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Motorola warns of weak earnings

January 06, 2007|From the Associated Press

CHICAGO — Motorola Inc.'s two-year resurgence in the global cellphone market appeared to be in trouble Friday after the company warned of disappointing sales and earnings from the key holiday selling season.

Investors sent Motorola stock down sharply amid a consensus that the trendsetting Razr had lost its buzz in the marketplace and that Motorola's efforts to come up with a new killer product have so far not paid off, hindered by stiffening competition.

Motorola's announcement Thursday night of worse-than-anticipated fourth-quarter results made it two straight quarters that the company had fallen short of Wall Street expectations. It also threatened to end eight consecutive quarters of market-share gains for a company that, despite improving to a 22% share from 16% in 2004, remains far short of its goal of recapturing the lead it held in the 1990s from Finland's Nokia Corp.

Motorola's shares fell $1.61, or 7.83%, to $18.94 after sinking as low as $18 earlier in the session, matching their lowest price since July 2004.

Analysts said the news raised questions about Motorola's strategy, underscoring that recent market-share gains came largely by selling less profitable phones in emerging markets as the Razr's appeal fades.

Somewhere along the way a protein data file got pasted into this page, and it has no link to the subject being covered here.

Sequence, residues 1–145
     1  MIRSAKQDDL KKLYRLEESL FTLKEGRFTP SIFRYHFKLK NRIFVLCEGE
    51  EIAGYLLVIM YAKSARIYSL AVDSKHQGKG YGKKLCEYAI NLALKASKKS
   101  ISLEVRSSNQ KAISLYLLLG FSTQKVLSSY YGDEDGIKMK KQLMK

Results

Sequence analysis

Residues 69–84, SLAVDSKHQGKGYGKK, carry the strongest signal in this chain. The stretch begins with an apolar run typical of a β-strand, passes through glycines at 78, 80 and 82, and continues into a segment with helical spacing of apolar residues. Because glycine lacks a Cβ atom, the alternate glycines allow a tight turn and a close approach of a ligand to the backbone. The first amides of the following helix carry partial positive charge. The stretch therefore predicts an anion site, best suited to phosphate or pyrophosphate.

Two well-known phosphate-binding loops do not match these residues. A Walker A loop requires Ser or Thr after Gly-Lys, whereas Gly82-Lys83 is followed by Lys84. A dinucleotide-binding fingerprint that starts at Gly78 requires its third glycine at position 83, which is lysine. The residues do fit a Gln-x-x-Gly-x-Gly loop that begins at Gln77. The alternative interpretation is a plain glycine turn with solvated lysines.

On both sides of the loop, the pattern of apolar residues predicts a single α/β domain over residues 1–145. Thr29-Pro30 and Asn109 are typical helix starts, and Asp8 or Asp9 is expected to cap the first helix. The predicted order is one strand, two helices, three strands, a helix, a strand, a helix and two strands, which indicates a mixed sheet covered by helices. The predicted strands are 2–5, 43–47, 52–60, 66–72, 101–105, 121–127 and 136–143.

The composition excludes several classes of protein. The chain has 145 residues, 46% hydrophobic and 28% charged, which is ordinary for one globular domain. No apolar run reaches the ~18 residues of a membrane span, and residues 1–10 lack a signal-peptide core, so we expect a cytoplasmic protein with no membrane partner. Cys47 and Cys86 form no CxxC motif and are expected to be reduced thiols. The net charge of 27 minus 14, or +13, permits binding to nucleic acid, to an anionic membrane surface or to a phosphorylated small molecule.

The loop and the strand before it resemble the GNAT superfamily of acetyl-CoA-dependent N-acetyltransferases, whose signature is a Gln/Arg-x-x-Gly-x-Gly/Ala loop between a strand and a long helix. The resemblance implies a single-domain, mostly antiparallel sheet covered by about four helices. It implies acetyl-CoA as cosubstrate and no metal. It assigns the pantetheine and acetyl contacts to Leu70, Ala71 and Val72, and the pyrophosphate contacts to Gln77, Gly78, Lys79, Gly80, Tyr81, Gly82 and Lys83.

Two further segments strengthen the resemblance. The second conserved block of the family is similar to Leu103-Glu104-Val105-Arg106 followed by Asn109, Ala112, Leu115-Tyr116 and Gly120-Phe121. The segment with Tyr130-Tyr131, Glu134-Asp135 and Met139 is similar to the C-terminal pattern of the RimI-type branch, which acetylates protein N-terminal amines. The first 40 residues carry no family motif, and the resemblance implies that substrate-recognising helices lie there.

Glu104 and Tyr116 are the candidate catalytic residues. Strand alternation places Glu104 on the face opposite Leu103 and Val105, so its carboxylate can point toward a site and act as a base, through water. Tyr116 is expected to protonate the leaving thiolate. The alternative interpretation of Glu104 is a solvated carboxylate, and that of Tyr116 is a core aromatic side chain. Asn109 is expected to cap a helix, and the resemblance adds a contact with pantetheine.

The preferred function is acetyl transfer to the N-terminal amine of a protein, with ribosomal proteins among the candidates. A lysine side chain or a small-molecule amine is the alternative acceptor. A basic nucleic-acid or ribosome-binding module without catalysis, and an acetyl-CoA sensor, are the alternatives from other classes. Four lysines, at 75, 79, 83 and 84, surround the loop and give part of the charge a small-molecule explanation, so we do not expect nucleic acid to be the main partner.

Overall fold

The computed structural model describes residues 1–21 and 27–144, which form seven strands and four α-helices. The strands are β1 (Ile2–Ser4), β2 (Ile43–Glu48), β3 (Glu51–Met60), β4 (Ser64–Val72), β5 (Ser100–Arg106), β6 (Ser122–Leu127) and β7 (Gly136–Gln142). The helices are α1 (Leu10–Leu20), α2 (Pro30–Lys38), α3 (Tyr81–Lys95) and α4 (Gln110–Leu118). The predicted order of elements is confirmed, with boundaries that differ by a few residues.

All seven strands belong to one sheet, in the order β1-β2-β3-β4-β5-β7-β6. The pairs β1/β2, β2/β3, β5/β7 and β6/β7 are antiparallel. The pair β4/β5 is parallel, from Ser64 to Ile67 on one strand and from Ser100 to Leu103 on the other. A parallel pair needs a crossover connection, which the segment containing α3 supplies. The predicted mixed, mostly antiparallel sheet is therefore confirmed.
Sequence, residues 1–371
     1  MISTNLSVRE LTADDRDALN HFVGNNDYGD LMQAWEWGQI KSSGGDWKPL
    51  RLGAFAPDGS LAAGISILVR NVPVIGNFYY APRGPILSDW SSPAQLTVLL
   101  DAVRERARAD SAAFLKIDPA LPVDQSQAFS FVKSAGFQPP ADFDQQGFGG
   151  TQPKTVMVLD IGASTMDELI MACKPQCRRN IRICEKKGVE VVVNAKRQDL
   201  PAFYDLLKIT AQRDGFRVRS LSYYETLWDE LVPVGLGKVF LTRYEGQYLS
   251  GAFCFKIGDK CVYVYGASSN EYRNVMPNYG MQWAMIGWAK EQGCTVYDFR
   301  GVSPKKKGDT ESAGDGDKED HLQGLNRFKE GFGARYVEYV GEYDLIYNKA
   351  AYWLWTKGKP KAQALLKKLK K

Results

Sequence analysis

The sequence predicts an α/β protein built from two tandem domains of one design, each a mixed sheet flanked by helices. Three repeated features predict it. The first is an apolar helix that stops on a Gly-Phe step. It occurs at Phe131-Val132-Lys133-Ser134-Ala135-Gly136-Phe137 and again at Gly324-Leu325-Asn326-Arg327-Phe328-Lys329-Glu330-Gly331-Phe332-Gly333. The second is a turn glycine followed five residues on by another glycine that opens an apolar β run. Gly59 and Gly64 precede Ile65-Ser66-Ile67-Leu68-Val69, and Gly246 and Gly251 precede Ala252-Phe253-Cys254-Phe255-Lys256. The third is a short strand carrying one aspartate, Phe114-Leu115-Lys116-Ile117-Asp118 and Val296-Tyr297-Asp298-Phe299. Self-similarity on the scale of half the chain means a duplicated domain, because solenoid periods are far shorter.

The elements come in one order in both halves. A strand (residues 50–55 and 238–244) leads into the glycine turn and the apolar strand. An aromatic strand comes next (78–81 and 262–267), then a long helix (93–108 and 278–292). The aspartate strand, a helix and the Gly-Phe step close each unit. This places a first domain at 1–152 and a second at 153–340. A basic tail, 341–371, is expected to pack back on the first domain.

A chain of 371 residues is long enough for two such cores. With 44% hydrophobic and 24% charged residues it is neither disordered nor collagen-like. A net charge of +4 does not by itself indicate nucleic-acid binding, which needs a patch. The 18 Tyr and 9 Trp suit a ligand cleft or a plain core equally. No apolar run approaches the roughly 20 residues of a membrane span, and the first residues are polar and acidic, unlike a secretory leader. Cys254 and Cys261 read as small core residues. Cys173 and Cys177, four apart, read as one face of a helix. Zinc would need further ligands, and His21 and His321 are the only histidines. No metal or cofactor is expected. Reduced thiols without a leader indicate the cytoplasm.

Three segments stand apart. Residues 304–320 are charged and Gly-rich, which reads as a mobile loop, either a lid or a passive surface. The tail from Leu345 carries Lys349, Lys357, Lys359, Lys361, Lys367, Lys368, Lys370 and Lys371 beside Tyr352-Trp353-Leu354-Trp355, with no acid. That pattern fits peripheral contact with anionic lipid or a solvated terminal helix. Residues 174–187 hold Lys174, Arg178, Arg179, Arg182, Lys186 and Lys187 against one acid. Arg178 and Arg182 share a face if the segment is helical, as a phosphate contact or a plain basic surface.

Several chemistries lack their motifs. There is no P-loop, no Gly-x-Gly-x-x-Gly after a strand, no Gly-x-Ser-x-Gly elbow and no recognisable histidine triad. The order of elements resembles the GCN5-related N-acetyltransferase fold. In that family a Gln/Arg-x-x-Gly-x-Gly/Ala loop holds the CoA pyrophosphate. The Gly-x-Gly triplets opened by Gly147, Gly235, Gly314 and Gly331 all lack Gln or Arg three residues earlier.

"We believe that the issues are not a one-time hiccup but rather a reflection of a weak portfolio that struggles to replace a successful Razr model," Merrill Lynch analyst Tal Liani said.

The reliance of Schaumburg, Ill.-based Motorola on the ultra-slim Razr and its variations to carry it through another holiday season clearly had been misguided, some said.

"It's becoming a tired product that's heavily discounted, especially in the U.S. market," said Kenneth Leon, an analyst for Standard & Poor's Equity Services. He said other recently introduced products such as the Krzr and Slvr "don't appear to have the buzz or the sales traction that we expected."

Motorola isn't expected to give full details of its problems until it reports quarterly results on Jan. 19. In its announcement Thursday, it blamed only an "unfavorable geographical and product-tier mix of sales" for causing it to fall short of estimates despite solid mobile device sales of 66 million units, up 48% from a year earlier.

The company said it expected to earn 13 to 16 cents a share, including about 10 cents a share in charges, on sales of $11.6 billion to $11.8 billion. Those numbers are off the consensus forecasts of analysts surveyed by Thomson Financial for a profit of 39 cents a share on sales of $12 billion.

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